But it is not just the British who will want this crime solved. The image of France and particularly the Haute-Savoie region, which is popular with tourists, has been tarnished by the killings. Articles in the British press highlighting the danger of travelling to France will have concerned regional authorities.
This “scare-mongering”, as one British ex-pat called it, has not gone down well in France.
“We have to be clear that France is not a dangerous country. This is not the United States,” FRANCE 24's French police source said. “The Haute-Savoie is a beautiful and safe region. The French gendarmes are the most effective in Europe. They have a good record of solving crime.”
“It’s a complex case, and this type of crime remains extremely rare,” he said.
Lack of leads
The day after the gruesome murders, prosecutor Maillaud admitted that investigators had little to go on and no obvious leads. The murder was committed on a secluded road, and by shooting dead a French cyclist, who police believe stumbled across the attack, the killer eliminated a key witness.
A second cyclist, who discovered the crime, did manage to tell police that he saw a dark 4x4 vehicle and a motorcycle on the road near the murder scene. Unfortunately, in the Haute-Savoie region of the French Alps, “everyone has a 4x4”, Maillaud said.
The main witnesses, 4-year-old Zeena and 7-year-old Zainab, who both survived the attack on their parents, have so far been unable to shed light on what happened. Zeena was hiding under her mother’s skirt when the attack happened and has recalled hearing “screaming and shouting”. Her sister may yet prove a key witness, but she remains in an artificially-induced coma and may not be able to talk to police for days, if not weeks.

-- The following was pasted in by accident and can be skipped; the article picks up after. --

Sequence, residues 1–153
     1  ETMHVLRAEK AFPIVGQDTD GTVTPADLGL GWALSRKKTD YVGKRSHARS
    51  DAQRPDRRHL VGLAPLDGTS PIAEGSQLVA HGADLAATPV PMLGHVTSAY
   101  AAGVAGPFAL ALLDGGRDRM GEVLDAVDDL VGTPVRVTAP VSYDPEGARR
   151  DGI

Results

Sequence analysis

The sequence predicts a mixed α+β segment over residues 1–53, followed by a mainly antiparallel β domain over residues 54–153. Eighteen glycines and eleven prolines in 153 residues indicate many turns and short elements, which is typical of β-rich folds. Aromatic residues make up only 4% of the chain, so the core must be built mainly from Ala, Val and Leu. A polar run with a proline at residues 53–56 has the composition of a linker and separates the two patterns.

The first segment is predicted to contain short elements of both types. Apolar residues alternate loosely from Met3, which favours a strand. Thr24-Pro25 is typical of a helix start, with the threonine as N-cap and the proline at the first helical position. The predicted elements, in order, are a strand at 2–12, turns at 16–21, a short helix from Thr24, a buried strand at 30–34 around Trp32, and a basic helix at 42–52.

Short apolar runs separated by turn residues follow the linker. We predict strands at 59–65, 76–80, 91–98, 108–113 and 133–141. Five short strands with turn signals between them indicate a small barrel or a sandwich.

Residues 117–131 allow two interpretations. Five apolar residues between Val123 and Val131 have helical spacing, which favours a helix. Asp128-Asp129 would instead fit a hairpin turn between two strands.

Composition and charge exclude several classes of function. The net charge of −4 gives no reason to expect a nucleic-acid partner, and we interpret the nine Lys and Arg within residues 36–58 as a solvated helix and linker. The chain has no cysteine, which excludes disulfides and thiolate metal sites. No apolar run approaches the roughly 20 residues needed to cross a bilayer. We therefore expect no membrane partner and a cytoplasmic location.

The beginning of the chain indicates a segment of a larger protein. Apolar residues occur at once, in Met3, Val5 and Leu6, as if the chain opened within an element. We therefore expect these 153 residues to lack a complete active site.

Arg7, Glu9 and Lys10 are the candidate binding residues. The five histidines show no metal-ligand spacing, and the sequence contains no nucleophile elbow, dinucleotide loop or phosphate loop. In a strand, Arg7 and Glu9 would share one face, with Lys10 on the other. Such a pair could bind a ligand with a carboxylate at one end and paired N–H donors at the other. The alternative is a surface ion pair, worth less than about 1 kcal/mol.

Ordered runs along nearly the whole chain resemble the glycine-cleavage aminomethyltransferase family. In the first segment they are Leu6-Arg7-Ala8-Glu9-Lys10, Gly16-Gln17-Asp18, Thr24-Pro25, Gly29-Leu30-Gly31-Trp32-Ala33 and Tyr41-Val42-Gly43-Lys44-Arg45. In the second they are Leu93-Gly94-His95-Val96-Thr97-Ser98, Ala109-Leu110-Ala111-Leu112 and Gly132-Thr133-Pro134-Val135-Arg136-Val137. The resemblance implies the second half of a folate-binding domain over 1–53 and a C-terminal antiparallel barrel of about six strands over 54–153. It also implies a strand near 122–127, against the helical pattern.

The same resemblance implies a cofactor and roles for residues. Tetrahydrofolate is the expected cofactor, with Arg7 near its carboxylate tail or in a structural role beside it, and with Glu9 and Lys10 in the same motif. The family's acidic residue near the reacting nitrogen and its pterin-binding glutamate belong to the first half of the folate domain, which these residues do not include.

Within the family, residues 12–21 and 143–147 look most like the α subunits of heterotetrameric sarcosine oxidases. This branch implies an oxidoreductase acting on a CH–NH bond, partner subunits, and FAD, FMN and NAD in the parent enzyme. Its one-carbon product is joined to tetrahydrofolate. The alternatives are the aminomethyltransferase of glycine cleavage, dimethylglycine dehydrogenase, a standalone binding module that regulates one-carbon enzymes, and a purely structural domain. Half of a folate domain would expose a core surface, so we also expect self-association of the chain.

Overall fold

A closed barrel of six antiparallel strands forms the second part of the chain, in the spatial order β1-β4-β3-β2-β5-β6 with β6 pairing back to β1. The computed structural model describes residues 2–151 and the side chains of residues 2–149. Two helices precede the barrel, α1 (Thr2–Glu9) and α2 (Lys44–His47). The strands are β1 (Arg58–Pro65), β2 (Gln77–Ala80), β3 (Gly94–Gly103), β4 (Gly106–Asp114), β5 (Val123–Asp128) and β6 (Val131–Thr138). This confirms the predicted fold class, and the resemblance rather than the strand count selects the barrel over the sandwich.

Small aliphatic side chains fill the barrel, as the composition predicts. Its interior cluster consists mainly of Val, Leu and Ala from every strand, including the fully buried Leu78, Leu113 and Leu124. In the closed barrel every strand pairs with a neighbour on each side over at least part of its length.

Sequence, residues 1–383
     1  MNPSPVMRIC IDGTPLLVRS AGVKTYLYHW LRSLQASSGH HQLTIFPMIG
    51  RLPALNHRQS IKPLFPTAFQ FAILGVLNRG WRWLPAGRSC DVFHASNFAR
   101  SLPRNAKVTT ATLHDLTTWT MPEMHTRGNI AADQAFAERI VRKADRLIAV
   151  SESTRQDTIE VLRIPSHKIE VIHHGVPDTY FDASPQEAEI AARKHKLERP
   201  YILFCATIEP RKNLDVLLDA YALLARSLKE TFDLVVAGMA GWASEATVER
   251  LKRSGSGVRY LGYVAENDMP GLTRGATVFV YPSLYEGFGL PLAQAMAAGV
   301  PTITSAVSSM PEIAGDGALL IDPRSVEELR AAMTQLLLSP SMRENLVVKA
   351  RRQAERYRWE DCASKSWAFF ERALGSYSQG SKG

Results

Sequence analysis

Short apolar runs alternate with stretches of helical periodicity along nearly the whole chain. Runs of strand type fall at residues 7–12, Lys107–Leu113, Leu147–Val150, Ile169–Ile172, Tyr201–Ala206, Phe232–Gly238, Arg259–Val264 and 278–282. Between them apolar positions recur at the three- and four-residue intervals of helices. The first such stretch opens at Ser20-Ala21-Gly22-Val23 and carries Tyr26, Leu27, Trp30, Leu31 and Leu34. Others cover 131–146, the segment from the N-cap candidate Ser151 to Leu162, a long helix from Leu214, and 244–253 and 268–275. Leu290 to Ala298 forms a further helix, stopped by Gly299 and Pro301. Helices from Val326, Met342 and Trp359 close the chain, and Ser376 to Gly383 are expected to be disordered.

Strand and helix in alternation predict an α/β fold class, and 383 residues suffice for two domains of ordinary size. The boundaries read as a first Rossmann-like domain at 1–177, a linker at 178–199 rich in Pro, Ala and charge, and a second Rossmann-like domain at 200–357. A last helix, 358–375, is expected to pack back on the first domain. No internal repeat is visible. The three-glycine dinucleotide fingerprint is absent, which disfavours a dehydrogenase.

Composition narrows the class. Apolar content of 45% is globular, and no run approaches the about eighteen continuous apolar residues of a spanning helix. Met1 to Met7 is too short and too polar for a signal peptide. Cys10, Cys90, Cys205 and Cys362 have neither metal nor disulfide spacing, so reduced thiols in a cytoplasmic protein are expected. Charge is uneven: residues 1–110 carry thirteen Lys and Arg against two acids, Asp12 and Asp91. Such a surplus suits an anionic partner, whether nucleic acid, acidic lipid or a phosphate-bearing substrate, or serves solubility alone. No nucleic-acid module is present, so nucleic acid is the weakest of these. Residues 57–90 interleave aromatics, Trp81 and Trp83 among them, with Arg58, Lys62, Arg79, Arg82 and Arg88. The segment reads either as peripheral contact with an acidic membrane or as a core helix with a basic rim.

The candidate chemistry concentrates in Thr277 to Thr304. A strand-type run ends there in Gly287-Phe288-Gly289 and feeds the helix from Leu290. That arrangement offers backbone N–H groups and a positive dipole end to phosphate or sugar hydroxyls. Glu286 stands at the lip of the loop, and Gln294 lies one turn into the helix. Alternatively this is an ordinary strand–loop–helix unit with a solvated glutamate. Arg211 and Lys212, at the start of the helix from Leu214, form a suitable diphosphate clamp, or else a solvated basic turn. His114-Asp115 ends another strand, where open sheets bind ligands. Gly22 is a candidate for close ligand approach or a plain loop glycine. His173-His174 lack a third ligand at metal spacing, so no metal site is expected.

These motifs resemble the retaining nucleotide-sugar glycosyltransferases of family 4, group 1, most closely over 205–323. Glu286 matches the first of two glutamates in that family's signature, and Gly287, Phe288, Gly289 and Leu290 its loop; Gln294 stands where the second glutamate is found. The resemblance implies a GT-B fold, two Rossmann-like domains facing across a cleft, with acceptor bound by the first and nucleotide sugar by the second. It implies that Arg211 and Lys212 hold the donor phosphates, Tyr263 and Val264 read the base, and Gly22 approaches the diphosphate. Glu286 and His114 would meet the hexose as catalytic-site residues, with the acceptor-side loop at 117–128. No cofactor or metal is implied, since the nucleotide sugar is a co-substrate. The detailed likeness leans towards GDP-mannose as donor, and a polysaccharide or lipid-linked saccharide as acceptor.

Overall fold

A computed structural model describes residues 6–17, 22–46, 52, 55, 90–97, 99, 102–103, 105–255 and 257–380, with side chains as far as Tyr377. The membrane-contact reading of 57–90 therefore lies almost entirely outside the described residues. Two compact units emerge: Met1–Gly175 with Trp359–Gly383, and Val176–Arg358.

And given that the murder took place in an isolated spot in rural France, there does not appear to be any CCTV footage that could help police trace the killer.
Authorities on both sides have been at pains to stress that British and French detectives have been cooperating fully in what Surrey police have called a “complex” investigaton.
Nevertheless, the fact that the murder took place in a different country, hundreds of miles from the al-Hilli couple's UK home, will present detectives with logistical and linguistical problems.
Detectives faced difficulties in identfying the victims. The 74-year-old Swedish national who was in the car with the al-Hillis remained unnamed on Saturday. Red tape also meant French investigators had to wait until three days after the murder to search the murdered couple's Surrey home.
Questions remain over who is leading the inquiry. Prosecutors in France have insisted it is a joint British-French investigation, but Surrey police say their colleagues in the gendarmes are in charge.
With prosecutors announcing that Italian and Swiss police have now been involved, the search for the killers has expanded into a Europe-wide manhunt.
Despite the obstacles, Maillaud has vowed to solve the crime.“My only concern is the search for truth, and to bring the perpetrators to justice,” he said.